As we will see, there are three proven options when it comes to choosing a competitive strategy:

  • Low-cost leadership
  • Product leadership
  • Customer focus

Each option requires different management systems, goal setting activity, production systems, marketing emphasis, company culture, and management style.

And, because each strategic option is distinct from the other, it is likely that more than one market leader will exist in an industry (as measured by each gauge). From a customer perspective, this means that three companies can potentially meet their needs coming at them from different angles.

On the following pages, we’ll learn how to analyze trends, evaluate the industries and markets where you want to play (or want to enter), identify key success factors, and select the right competitive approach for market leadership.

The eBook is intended as a practical guide, with tables and charts that can be put to use. It is not an academic product; instead, it is based upon decades of experience in formulating and executing strategy with industrial and B2B service companies.

Chapter 1: Understand Customer Needs

In the business-to-business (B2B) world, the purchasing process is far more complex than the journey undertaken by an individual consumer. B2B deals tend to be more concentrated, have larger value, and include more people in a higher-stakes battle for large sales.

Typically, this process will be initiated when a customer identifies a need. This can arise suddenly (for instance, if a machine part breaks or there is a flood) or as the result of a long-term budgeting and planning process (like what would be used to build a new plant or automate a production line).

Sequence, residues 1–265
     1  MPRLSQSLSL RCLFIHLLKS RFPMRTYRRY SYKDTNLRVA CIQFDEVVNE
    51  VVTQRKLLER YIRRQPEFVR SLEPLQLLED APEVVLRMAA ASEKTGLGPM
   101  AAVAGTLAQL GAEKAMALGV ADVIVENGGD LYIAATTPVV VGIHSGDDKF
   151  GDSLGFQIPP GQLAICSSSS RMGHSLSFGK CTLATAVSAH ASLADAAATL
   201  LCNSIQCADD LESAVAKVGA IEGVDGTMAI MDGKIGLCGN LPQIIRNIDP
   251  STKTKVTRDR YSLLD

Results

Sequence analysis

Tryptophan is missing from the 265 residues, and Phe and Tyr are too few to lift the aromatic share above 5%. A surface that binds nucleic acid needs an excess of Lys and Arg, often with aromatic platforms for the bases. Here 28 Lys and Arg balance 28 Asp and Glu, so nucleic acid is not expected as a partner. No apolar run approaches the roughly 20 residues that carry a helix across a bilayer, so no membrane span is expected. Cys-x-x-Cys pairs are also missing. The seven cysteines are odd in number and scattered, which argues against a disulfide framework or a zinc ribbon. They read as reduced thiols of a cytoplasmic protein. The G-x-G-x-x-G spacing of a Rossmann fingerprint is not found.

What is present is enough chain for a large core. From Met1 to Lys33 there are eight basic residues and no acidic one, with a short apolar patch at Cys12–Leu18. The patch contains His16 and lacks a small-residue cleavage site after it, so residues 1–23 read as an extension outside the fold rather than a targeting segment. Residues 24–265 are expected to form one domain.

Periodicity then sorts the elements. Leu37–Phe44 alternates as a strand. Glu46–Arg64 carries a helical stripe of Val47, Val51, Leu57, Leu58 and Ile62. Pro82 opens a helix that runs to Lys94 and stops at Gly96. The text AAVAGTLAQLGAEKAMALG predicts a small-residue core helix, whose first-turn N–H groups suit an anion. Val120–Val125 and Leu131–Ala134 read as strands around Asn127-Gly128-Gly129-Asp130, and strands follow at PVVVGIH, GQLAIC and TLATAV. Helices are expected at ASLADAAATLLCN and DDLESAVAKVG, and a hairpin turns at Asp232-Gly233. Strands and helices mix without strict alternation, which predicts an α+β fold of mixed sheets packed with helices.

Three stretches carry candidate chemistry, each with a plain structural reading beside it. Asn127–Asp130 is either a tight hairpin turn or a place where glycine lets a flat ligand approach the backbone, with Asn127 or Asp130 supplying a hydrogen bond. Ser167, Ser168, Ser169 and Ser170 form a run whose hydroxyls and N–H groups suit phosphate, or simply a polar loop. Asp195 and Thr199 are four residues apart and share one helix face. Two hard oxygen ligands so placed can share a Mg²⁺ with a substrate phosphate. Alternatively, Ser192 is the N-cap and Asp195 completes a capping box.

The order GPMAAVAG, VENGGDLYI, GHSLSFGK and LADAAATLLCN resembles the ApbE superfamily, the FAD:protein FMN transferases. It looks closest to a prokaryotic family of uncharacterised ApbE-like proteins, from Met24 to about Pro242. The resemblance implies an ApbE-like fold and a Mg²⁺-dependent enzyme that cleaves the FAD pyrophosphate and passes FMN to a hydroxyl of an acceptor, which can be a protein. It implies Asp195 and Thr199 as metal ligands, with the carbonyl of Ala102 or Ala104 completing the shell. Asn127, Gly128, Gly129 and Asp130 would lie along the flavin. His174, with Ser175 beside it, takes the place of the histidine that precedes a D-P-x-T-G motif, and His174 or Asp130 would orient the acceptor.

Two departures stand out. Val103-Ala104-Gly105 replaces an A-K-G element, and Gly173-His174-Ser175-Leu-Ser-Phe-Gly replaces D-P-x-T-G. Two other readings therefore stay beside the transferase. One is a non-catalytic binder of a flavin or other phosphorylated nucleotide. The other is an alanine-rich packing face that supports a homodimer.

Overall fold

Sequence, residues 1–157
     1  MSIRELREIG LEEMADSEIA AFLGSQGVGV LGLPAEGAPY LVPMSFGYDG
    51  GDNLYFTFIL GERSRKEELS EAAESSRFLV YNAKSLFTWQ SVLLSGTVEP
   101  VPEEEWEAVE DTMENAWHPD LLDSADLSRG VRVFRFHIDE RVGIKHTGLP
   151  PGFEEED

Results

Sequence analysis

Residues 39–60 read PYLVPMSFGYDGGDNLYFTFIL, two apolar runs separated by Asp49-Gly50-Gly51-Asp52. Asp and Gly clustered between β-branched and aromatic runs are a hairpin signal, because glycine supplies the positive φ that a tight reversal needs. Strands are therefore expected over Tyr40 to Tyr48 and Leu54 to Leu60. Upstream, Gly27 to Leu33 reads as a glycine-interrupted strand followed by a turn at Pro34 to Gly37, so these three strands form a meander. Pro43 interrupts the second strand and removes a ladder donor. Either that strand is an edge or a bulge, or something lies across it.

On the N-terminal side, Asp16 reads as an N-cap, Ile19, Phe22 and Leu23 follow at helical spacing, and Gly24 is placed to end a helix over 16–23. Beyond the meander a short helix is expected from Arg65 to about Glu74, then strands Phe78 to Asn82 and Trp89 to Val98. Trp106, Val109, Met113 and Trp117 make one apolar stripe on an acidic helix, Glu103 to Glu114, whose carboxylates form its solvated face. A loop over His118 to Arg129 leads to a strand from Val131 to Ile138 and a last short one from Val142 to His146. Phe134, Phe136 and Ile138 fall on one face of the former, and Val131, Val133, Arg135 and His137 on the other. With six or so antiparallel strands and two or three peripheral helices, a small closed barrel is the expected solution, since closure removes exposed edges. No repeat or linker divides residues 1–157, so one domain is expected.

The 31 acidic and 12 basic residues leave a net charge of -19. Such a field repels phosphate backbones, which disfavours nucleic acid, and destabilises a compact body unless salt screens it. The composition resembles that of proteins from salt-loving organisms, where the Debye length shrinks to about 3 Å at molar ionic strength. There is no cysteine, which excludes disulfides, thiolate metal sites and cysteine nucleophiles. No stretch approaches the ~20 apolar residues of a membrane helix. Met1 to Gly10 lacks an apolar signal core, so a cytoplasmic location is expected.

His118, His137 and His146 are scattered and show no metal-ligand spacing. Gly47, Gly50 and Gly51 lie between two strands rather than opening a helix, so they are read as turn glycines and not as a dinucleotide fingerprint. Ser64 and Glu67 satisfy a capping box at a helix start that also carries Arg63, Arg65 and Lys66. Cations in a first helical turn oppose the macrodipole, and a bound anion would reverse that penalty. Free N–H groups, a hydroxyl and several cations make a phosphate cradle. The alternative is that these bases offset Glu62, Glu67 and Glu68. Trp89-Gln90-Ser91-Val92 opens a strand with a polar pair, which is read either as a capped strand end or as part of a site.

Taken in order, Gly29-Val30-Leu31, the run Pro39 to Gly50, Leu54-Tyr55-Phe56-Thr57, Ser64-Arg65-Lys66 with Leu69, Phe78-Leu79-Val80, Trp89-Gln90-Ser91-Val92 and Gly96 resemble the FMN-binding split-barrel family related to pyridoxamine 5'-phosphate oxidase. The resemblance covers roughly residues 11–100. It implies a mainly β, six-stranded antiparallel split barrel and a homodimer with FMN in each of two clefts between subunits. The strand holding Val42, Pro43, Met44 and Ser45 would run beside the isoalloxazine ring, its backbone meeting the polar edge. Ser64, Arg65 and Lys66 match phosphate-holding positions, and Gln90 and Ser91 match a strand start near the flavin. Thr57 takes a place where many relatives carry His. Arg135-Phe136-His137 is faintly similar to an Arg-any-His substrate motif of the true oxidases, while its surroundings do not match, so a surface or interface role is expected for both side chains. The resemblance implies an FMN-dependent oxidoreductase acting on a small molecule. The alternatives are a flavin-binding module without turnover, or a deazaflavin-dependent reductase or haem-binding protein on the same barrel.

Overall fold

In either case, the buying team will collect information about different options, evaluate them, and select a supplier that offers the best solution. Sometimes, this requires only having a single replacement part in stock for quick installation; other times, it can only be fulfilled through mastery of a complex, months-long RFP process with decision milestones.

This does not mean the largest supplier will always be selected. Rather, it is most likely that the winning bid will go to the company offering the best combination of problem-solving, lead time, quality, and price.

Different suppliers can be competitive based on a variety of dynamic factors. Think, for example, about how laptops and notebooks have replaced desktop computers in many business applications (this switch has likely been sped up by employees who need to work remotely from home during the pandemic). Another emerging example is how autonomous vehicle technology will allow trucking companies to have one driver remotely operate several electric trucks, replacing one (or two!) drivers in each conventional truck.

Regardless of which competitive strategy is selected, it needs to be based on real, identified customer needs, and offer the flexibility to respond to changing market trends and competitive pressures.